What if we close the provinces instead of the regions?

What if we close the provinces instead of the regions?

The proposal to divide Italy by provinces in organizing the 'color' bands and lockdowns has been circulating for months. There are potential advantages but also several critical issues: at the moment the hypothesis of abandoning the scheme by regions seems rather remote

(photo: Ross Sneddon / Unsplash) The choice of the territorial scale on which to set the anti-contagion restrictions is a theme that has accompanied us since the beginning of the pandemic, and above all from the so-called second wave, that is, starting with the resurgence of infections at the end of summer and the month of October. In theory, the possibilities are many: a single national area without any distinction from South Tyrol to Sicily, the subdivision into regions (with the exception of the autonomous provinces), organization on a provincial scale and even something even finer. , on a municipal or poly-municipal basis.

In fact, the division into provinces is the only one that has never been attempted. Before the first lockdown, at the beginning of the epidemic in Italy between the end of February and the beginning of March, red zones were imposed on the few municipalities that (at least from official data) were the most affected by the new coronavirus. Then we moved on to national closure, uniform across the country. So - with a leap forward of many months - we arrived at the organization by regions with the famous and creaking color zones: first yellow, orange and red, then with further shades of color, temporary national uniformizations during the holiday period and then the return to the pre-Christmas model, with the new idea of ​​the white zone, perhaps more a hope than a concrete possibility.

The Italian discussion on provincial closures

Although the hypothesis has always been circulating in our country, a real discussion on this issue arose between the end of October and the beginning November, when it became necessary to adopt new anti-contagion measures before the situation got out of hand for good. At that stage it was the Technical-Scientific Committee itself, at least according to the information received by the press, that proposed closures only on a provincial basis rather than on a national or regional basis. However, it must be said that at the time the key point, based on the experience of the first long lockdown, was to no longer reach the complete and uniform closure of Italy, both because it would have made little sense from a scientific point of view and because the government itself had promised that there would no longer be a total lockout.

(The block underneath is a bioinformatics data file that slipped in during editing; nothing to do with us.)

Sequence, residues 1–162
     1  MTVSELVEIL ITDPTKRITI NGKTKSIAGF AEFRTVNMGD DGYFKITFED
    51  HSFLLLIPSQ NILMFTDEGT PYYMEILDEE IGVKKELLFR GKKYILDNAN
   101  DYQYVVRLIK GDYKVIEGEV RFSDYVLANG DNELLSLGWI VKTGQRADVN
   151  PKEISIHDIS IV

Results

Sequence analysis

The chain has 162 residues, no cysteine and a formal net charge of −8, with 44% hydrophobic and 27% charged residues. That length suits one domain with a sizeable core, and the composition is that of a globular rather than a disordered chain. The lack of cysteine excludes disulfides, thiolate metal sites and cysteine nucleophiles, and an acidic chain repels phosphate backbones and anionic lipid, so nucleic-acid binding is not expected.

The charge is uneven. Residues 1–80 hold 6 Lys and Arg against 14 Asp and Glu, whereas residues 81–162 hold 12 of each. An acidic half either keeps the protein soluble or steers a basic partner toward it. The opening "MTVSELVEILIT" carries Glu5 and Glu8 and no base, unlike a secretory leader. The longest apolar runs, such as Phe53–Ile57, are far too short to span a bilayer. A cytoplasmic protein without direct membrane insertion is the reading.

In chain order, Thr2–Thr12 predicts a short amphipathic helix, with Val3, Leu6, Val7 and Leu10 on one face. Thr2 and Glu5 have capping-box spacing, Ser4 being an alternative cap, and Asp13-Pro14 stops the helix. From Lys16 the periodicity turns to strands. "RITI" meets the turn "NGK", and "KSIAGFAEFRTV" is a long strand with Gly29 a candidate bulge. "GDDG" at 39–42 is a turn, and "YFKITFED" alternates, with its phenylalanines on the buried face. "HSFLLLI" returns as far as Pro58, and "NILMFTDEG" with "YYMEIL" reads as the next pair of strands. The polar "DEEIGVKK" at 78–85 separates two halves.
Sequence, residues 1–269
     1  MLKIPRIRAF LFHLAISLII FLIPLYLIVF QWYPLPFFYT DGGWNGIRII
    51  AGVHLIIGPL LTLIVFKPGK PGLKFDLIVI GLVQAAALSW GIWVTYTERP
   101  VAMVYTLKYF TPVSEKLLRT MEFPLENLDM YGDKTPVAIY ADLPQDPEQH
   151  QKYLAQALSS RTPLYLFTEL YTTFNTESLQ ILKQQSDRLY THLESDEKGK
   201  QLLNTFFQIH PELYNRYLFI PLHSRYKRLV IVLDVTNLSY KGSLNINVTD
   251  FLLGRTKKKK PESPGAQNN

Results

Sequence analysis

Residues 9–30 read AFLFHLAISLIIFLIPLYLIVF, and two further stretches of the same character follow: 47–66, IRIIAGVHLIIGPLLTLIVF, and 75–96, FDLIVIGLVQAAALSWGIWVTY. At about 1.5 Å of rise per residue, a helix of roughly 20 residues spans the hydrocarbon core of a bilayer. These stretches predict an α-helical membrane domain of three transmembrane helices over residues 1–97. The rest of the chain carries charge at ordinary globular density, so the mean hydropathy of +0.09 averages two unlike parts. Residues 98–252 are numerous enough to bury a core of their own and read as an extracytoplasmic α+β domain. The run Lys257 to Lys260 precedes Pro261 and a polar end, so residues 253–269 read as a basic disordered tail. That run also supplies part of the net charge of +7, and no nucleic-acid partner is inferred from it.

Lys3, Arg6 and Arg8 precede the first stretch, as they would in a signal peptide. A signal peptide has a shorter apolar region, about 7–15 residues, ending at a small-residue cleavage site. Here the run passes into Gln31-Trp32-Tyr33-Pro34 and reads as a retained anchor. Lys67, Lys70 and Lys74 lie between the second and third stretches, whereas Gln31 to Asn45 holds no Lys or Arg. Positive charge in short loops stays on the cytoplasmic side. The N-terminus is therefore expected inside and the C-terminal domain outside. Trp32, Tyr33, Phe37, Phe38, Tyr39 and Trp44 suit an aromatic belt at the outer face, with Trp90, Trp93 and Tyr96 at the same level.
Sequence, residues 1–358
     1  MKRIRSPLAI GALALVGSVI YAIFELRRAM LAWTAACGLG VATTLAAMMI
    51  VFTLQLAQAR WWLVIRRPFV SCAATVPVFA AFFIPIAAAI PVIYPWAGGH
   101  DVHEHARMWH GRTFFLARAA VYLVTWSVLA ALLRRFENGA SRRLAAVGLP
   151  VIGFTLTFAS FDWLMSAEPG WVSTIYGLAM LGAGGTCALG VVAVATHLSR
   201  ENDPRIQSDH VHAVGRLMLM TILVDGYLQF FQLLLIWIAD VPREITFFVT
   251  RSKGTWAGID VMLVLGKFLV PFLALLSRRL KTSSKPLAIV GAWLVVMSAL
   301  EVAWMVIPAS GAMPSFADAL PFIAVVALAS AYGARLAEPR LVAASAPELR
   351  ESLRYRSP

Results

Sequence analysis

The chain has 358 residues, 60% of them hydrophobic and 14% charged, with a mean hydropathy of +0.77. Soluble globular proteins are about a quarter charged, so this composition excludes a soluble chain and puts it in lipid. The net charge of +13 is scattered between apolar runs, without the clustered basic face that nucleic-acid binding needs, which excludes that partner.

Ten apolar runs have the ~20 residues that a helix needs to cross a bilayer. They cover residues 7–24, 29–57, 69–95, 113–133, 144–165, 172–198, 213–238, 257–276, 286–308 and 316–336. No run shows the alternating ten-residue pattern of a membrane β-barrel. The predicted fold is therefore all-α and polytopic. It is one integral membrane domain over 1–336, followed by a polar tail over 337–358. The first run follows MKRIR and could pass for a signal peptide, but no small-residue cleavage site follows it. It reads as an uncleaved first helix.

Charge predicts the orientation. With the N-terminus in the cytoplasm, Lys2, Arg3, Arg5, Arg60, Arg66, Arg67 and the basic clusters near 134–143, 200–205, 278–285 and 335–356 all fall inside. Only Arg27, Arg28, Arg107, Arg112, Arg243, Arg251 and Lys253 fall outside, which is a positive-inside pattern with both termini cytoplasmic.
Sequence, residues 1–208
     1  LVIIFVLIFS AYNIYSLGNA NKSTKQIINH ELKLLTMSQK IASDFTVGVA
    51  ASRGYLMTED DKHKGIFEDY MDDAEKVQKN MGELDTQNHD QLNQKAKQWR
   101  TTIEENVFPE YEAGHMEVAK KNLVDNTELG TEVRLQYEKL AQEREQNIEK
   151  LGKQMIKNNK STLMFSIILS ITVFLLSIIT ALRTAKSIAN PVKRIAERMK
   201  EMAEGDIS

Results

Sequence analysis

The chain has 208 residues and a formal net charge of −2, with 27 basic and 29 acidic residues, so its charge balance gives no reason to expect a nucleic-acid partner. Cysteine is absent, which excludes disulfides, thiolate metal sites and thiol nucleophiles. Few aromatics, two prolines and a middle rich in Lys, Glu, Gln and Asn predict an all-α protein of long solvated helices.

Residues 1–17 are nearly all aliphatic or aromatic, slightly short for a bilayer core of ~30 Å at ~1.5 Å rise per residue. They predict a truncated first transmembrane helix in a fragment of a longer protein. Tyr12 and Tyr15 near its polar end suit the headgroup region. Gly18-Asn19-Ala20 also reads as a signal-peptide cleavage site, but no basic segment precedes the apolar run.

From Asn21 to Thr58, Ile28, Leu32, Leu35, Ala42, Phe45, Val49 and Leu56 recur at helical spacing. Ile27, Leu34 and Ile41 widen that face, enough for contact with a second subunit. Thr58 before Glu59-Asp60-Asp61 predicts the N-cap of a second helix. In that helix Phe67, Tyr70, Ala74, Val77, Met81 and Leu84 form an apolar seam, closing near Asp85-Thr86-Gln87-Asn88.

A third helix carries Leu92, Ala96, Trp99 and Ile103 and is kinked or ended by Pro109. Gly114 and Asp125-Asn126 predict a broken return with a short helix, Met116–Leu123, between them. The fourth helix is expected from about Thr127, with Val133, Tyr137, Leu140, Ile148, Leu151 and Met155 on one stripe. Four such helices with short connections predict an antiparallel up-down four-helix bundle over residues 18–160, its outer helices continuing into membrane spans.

At the end of the discussion, as we know, it was decided to opt for the three-color model on a regional basis, as in fact continues to be today, always at net of the methodological adjustments on the parameters and on the coloration of the bands.

The novelty of the last few days, which is actually a non-novelty, is that it is now evident that the system of yellow, orange and red zones needs some way of being prolonged over time, while perhaps with the modest decline in infections at the beginning of December we were under the illusion that we could face a more relaxed period from the end of the holidays onwards. This is why this week's news is the re-proposal (on a social and media level) of the model by provinces, at least at the level of example and general discussion. At the moment, however, the political news does not seem to reveal the intention to seriously evaluate this hypothesis, but rather the conviction of continuing with the regional scheme seems to be increasingly rooted.

Some pros and cons

Of course there is no absolute best or worst between the subdivision by provinces and by regions, but there are several considerations. In favor of the provincialization of the bands there is a main and dominant argument: refining the spatial map of Italy means being able to be more widespread on the territory, therefore concentrating the closures in the really most critical areas, allowing a certain degree of reopening in those areas where the contagion is not particularly widespread. In short, to reduce those sacrifices perceived as unnecessary that some provinces experience as an imposition due to infections in other territories in the same region. And if a municipal subdivision would be concretely unmanageable, the provincial level could be a fair compromise between the differentiation of the territories and the practicability of the measures.

Also on the same front, then, additional evaluations are added. For example, the supporters of the proposal explain, citizens could be made to feel more directly responsible for their destiny, since the regional dimension is so large that it leads people to perceive themselves as insignificant pawns in a too big game, making them not responsible. Finally, some peripheral provinces could be reopened immediately with respect to the large centers, where for a series of factors the infections have always remained rather low.